You need to register at arista.com to download the software. Once you login, go to Support > Software Download to retrieve the following files:

vEOS-lab-4.17.5M.vmdk
Aboot-veos-8.0.0.iso

NOTE: There are several folders and more than one image format, make sure to download the correct files from the vEOS-lab folder.

To build the VMs faster, we are going to create two base VMs (golden images, one for the servers and one for the switches), then clone them multiple times.

Creating the Base VM for Servers

The easiest way to create a virtual machine in KVM is to use the Virtual Machine Manager application. You can find it in your applications dashboard.

virt-manager_dashboard

Or you can use the command-line:

$ virt-manager

virt-manager_cli

The first thing to do is create the virtual networks for the network adapters. Look at the network drawing and the spreadsheet at the beginning of this section.

In the virt-manager main window, click the edit button on the toolbar, then click on Connection Details.

virt-manager_menu

Go into the Virtual Networks tab, click the add button (“+” icon, lower left corner).

Give the network a name. This is going to be our first virtual network, so we will start with “net-1”.

virt-manager_network

We will simulate physical network connections so we don’t need to assign IP addresses for now.

NOTE: When creating the out-of-band management network (“net-oob“) you might want to enable the IP address definition so KVM adds a virtual network adapter on the host to communicate directly with the VMs (for ssh/admin purposes).

Uncheck the Enable IPv4 network address space definition option, do the same for IPv6 in the next step.

virt-manager_ipv4

We need isolated segments to interconnect the VMs, so choose the isolated virtual network option and then click the finish button to continue.

virt-manager_isolated-net

Repeat the same steps to create the rest of the networks. Don’t forget to add the management network (“net-oob”).

NOTE: Enable the IP address space when creating “net-oob” for management. In this case, I will be using 10.0.0.0/24 for the network and the host will receive the IP address 10.0.0.1/24.

When this done, there must be a total of 18 networks (net-1 thru net-17, plus net-oob).

virt-manager_virt-nets

Now we need to create the actual VMs. Go back into the virt-manager main screen and click the Create New Virtual Machine icon on the toolbar to start the installation.

First, set the virtual machine’s name (“server01”) and select the installation method, select Local install media (ISO image or CDROM).

Next, we need to find and select the Linux image (Ubuntu 16.04.2 ISO file). Make sure to check the Automatically detect the operating system option.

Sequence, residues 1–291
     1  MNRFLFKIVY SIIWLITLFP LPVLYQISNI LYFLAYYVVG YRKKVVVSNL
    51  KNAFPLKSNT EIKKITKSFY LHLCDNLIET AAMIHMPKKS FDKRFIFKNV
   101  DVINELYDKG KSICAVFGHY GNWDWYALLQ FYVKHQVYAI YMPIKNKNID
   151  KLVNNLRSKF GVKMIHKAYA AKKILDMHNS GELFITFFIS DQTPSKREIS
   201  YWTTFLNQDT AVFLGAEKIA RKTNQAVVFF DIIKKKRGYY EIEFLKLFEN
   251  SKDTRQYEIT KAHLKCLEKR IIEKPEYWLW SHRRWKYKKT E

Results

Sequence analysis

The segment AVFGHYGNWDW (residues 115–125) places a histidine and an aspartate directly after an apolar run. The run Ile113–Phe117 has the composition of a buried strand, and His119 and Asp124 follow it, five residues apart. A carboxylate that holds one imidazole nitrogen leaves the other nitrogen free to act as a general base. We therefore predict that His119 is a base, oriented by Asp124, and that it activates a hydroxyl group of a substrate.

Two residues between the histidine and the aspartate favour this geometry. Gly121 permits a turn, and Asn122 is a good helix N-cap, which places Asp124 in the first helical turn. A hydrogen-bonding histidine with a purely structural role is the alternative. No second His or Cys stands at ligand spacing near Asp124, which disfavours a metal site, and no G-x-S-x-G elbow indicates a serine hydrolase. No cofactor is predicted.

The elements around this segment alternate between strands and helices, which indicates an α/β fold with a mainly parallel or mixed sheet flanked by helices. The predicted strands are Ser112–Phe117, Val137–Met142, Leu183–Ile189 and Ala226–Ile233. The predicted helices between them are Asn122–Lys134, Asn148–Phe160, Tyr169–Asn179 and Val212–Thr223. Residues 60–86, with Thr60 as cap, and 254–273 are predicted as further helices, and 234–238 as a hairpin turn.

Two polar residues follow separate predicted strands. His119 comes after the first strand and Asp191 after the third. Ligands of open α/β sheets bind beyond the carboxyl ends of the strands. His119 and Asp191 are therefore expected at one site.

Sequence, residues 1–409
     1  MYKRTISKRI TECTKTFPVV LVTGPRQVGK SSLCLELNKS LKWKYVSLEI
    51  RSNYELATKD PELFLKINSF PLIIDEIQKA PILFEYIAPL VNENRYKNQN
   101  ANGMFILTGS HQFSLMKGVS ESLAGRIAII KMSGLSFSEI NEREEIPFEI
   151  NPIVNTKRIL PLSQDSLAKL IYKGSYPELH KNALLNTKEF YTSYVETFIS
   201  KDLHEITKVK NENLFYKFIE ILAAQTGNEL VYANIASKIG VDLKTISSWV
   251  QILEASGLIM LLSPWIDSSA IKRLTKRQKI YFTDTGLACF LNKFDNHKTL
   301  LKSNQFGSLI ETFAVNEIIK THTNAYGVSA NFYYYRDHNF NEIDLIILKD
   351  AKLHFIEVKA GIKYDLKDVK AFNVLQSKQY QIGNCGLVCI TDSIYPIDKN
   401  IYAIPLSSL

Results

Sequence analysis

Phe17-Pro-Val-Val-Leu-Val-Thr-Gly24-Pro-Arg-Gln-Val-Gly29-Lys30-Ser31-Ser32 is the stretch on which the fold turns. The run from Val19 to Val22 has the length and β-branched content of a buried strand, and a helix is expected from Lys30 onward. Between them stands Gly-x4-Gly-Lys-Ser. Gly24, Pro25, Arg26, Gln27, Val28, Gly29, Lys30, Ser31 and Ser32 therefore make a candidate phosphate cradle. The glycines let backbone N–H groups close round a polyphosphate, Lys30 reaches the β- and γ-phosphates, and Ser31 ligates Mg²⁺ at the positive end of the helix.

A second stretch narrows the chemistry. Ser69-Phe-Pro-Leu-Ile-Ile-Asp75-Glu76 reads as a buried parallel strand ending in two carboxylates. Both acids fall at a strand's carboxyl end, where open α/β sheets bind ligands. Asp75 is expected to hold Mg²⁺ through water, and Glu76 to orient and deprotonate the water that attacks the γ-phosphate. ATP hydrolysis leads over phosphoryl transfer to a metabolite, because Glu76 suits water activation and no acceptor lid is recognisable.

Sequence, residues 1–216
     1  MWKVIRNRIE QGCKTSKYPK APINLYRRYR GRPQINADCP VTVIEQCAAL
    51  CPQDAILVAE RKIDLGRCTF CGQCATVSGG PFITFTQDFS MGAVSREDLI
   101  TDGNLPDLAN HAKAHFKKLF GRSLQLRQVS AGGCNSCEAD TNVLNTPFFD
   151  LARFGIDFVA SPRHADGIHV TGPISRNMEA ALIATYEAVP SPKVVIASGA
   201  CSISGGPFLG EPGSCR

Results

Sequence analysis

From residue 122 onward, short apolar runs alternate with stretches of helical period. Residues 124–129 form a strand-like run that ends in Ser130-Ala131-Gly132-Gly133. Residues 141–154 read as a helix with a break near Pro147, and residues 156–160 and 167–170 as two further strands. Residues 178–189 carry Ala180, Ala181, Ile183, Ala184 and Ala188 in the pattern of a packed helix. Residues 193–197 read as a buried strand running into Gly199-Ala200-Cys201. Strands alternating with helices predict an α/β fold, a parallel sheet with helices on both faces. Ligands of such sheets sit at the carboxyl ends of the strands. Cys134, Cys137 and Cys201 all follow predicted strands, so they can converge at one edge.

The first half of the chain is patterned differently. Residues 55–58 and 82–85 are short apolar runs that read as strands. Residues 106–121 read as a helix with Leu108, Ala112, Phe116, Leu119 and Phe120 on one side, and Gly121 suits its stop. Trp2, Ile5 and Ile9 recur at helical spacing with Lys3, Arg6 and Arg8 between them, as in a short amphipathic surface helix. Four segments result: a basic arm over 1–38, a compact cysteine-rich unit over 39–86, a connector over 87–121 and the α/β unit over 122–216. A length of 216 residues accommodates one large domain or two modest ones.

virt-manager_media

You should now choose how much memory to allocate for the VM. Allocate 2040MB of memory and 1 CPU.

Remember: To allocate more than 2GB of memory to a virtual machine, you need to have a 64-bit CPU and a 64-bit Linux kernel.

Check the Enable storage for this virtual machine option and allocate the disk space for the vm. In my case, I will leave the default space (20 GB).

By default, KVM configures NAT for the network adapters. We need to configure the network adapters on each VM as shown in the spreadsheet.

To do so, before clicking on the Finish button, make sure to check the Customize configuration before install option to edit the VM settings.

NOTE: You can always customize the VM configuration after the installation.

virt-manager_customize

Now we need to configure all of the internal networks within the VMs, I’ll show some examples.

From the left hand side menu, click on the only NIC adapter available and open the Netwok Source drop-down menu. You will see all the virtual networks we created in the previuos steps.

virt-manager_net-menu

From the drop-down menu, choose Virtual Network net-oob” to assign the management network to the adapter and configure “e1000” for Device model.

Remember: The first NIC on all VMS will always be the management interface.

virt-manager_nic1

Then, click on the Add Hardware button (lower left corner) and add two NIC adapters for “net-1” and “net-2” respectively. Don’t forget to choose “e1000” for the Device model option.

virt-manager_nic2

You can click on the Begin Installation button on the upper left corner to start the OS installation.

virt-manager_os-instpng

Virt-manager will boot the guest operating system, you may now proceed to install the OS.

Cloning the Base VM (Ubuntu Servers)  

Now we need to clone the base VM to build the rest of the servers. The main virt-manager window will show server01, right click on it and click Clone.

NOTE: You need to power off the VM to clone it.

virt-manager_clone

In the clone window, change the server name (“server02”, in this case), leave the default settings for Networking and make sure to choose the Clone this disk option for the disk storage.

virt-manager_clone-conf

Click on the Clone button to finish. Repeat the same steps to create the rest of the servers.

Finally, we need to configure the network settings for each adapter on every server (remember, every cloned VM will have server01 settings so we need to change that).

I will show you one example: In the virt-manager main window, right click on server02 and click Open.

virt-manager_clone-menu